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HOUSTON - OCTOBER 04: Linebacker Brian Cushing #56 of the Houston Texans delivers a hard hit to tight-end Zach Miller #80 of the Oakland Raiders at Reliant Stadium on October 4, 2009 in Houston, Texas. (Photo by Bob Levey/Getty Images)
NFL star Brian Cushing plays defense, but he went on the offensive yesterday with a bizarre denial that he used performance enhancing drugs during his rookie season.
Cushing, the Houston Texans' linebacker and the league's defensive rookie of the year in 2009, said the test that showed he had hCG in his system left him fearing he could have terminal cancer. The drug is a hormone found mostly in women and is often used to mask steroids and raise testosterone levels. It's the same chemical that got baseball star Mannny Ramirez suspnded for 50 games last year.
Anyone expecting Cushing to show contrition after The Associated Press held a revote that allowed him to keep his trophy was disappointed. Instead of admitting he cheated, Cushing said he worried all season that subsequent tests could show elevated levels of the drug and claimed that doctors are looking into "why it would keep reoccurring." NBC Sports reported that despite Cushing's fears, he only tested positive once, back in September.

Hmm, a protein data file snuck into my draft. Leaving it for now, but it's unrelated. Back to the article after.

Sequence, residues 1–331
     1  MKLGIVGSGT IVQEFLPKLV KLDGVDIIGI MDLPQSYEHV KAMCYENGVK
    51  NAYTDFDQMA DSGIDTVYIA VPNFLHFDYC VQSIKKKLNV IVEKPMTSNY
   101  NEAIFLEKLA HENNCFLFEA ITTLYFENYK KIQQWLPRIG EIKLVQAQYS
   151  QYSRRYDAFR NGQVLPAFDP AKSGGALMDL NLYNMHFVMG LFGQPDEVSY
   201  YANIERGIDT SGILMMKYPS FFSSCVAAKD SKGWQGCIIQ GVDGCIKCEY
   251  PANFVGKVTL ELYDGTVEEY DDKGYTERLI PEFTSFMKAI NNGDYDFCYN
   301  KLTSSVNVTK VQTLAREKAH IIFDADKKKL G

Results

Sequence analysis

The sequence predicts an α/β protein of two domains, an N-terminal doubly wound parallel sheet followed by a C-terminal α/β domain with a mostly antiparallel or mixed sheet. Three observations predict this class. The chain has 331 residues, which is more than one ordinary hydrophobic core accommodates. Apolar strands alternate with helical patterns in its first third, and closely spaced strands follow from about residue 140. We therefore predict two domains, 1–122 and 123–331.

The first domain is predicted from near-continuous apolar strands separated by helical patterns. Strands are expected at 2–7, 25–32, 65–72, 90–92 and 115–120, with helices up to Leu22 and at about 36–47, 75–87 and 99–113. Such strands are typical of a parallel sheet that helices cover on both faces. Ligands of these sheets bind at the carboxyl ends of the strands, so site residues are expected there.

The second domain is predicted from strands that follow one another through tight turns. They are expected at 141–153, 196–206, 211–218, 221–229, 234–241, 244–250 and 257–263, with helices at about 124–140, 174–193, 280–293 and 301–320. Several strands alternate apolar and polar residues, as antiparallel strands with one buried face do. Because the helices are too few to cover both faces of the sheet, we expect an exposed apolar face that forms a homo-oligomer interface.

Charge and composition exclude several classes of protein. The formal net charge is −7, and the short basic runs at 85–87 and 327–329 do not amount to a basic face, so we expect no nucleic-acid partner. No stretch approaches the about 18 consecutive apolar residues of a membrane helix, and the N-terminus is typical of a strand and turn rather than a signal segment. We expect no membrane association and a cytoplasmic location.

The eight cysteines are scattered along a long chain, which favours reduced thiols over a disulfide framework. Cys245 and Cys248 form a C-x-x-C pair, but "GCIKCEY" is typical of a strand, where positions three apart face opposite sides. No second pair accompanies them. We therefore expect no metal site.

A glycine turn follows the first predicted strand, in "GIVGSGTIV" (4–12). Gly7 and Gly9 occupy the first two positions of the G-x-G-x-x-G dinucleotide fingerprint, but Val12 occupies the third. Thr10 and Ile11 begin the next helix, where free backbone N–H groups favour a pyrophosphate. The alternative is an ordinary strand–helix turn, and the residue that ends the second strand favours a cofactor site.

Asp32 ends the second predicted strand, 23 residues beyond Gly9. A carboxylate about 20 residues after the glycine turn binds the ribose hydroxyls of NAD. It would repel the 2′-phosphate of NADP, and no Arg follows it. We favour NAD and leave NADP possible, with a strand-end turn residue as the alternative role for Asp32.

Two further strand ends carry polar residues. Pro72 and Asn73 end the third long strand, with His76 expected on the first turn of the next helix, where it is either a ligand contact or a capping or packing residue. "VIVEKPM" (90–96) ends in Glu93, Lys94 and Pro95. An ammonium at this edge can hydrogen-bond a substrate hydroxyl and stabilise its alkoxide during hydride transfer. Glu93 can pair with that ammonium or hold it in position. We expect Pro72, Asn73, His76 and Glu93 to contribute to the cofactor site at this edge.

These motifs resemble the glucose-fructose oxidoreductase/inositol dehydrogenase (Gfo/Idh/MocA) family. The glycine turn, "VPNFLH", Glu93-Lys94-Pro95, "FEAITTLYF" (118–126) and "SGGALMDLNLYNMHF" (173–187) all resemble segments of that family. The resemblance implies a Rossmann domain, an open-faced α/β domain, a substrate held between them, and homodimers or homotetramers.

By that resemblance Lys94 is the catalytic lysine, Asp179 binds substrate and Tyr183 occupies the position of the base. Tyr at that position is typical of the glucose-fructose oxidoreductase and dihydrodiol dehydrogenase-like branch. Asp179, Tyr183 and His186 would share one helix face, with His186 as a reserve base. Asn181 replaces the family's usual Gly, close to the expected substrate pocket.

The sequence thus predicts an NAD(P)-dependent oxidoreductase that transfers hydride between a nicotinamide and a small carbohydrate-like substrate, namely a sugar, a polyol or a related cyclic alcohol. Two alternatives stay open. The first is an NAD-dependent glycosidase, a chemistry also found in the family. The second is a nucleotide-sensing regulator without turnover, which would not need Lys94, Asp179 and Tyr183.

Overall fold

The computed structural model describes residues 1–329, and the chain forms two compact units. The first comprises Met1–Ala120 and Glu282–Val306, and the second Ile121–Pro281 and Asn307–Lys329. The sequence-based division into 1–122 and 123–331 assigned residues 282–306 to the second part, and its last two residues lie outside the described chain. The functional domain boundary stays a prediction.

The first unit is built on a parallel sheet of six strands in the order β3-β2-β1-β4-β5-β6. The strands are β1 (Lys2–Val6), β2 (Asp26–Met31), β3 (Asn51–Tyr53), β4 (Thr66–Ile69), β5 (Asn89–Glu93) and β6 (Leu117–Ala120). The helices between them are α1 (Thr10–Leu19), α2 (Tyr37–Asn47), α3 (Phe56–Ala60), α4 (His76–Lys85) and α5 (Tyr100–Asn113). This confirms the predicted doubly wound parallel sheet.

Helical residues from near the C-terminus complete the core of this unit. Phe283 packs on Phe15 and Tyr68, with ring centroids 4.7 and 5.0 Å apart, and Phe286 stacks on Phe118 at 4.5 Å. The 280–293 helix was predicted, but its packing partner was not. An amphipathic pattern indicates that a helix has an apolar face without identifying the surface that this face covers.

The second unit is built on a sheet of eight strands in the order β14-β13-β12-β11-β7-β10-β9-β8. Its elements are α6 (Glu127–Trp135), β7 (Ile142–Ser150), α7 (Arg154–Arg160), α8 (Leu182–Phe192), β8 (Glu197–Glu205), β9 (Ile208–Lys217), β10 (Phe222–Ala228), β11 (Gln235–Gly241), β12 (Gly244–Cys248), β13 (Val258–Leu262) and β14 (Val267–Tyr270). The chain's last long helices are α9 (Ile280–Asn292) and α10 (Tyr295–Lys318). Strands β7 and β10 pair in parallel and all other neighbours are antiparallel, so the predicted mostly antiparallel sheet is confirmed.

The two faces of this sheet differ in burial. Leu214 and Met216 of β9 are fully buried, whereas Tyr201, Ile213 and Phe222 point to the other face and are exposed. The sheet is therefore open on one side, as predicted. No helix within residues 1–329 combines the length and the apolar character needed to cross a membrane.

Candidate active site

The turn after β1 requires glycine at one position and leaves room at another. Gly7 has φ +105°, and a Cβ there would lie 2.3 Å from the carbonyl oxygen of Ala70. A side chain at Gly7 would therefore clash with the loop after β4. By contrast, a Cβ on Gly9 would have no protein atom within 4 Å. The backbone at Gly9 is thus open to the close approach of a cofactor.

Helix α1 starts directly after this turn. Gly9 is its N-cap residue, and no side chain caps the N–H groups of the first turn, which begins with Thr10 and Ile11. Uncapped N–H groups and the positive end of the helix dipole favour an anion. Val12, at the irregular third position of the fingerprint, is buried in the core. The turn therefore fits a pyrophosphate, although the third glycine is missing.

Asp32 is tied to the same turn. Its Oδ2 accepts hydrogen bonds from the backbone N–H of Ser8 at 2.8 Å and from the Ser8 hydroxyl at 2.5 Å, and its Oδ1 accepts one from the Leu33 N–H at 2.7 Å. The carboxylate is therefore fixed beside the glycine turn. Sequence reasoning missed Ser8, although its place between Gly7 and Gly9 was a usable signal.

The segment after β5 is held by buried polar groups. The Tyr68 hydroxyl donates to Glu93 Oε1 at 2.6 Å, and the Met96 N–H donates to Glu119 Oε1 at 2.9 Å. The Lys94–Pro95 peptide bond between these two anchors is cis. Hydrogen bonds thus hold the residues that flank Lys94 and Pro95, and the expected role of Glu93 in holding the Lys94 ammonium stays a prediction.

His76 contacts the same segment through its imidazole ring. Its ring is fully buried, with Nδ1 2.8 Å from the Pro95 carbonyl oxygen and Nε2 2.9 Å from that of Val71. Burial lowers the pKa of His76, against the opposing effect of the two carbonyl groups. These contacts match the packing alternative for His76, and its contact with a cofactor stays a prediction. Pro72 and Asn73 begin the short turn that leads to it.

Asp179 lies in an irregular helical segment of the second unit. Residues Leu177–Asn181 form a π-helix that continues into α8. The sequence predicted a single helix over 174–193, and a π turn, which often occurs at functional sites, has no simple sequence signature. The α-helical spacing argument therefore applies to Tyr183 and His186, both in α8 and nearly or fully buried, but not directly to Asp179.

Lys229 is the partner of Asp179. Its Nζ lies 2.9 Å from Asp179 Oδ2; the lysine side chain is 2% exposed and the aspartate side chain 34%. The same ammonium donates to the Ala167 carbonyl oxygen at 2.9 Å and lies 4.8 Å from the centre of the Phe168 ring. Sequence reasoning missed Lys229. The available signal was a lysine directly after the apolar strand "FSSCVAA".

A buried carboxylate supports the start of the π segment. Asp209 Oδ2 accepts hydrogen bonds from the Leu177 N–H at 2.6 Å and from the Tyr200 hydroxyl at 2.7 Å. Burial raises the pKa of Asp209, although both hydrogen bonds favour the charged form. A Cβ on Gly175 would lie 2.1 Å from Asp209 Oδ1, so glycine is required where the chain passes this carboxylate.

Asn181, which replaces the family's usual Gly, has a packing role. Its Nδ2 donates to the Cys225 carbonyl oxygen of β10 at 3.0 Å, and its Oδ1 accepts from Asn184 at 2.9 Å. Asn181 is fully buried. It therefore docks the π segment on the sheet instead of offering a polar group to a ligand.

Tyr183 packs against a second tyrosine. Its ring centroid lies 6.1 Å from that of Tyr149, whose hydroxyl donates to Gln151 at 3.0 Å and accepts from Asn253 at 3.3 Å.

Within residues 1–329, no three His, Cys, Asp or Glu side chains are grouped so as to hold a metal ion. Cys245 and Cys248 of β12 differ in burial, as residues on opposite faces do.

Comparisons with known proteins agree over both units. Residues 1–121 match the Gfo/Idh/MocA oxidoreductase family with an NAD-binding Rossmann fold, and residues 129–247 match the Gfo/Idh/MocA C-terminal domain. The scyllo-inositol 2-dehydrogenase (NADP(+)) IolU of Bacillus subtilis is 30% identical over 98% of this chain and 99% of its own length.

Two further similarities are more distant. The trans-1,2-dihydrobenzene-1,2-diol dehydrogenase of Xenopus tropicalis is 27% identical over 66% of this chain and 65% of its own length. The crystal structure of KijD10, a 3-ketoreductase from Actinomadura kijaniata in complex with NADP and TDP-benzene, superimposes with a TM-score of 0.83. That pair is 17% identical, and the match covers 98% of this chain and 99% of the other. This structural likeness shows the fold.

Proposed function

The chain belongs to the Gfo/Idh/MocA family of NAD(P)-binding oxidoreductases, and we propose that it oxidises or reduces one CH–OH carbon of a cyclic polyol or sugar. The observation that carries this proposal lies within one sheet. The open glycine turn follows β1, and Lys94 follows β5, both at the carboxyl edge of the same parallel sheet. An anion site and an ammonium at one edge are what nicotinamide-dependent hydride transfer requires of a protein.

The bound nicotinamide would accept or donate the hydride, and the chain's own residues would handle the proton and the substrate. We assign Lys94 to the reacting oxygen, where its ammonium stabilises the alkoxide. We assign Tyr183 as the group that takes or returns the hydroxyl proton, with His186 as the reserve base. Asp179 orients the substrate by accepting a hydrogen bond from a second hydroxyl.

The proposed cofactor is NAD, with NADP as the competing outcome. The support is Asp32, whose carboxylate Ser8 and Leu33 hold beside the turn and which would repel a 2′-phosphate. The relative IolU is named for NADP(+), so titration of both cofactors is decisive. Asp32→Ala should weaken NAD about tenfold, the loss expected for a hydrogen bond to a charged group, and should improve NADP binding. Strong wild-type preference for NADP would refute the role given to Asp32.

"The question of how it got into my body is still unclear," Cushing said at a press conference arranged by the team. "It's something I'm very personally concerned about, just the fact of how it's there and what's going to deter it from happening again. And that's something that we're going to have to medically investigate."
Cushing, who is suspended for the first four games of the season, claimed that he initially feared that he had a tumor after learning of the positive test in October, and that he spent the balance of the 2009 season worrying he might die.
"Personally, I know that I didn't ingest or inject anything, and the fact that my options were that I was either injecting or I had a tumor, as I was told by some sources, I played the whole season thinking I had tumors," Cushing said. "And then I'm playing the whole season thinking this could not only be my last season, but my last year."
Dr. Gary Wadler, chairman of the World Anti-Doping Agency, told The Associated Press that cases of malignant testicular tumors producing hCG are "extremely rare."
"If he had a tumor that produced hCG, he wouldn't be playing football," Wadler told the AP. "He would be under treatment for a malignant tumor."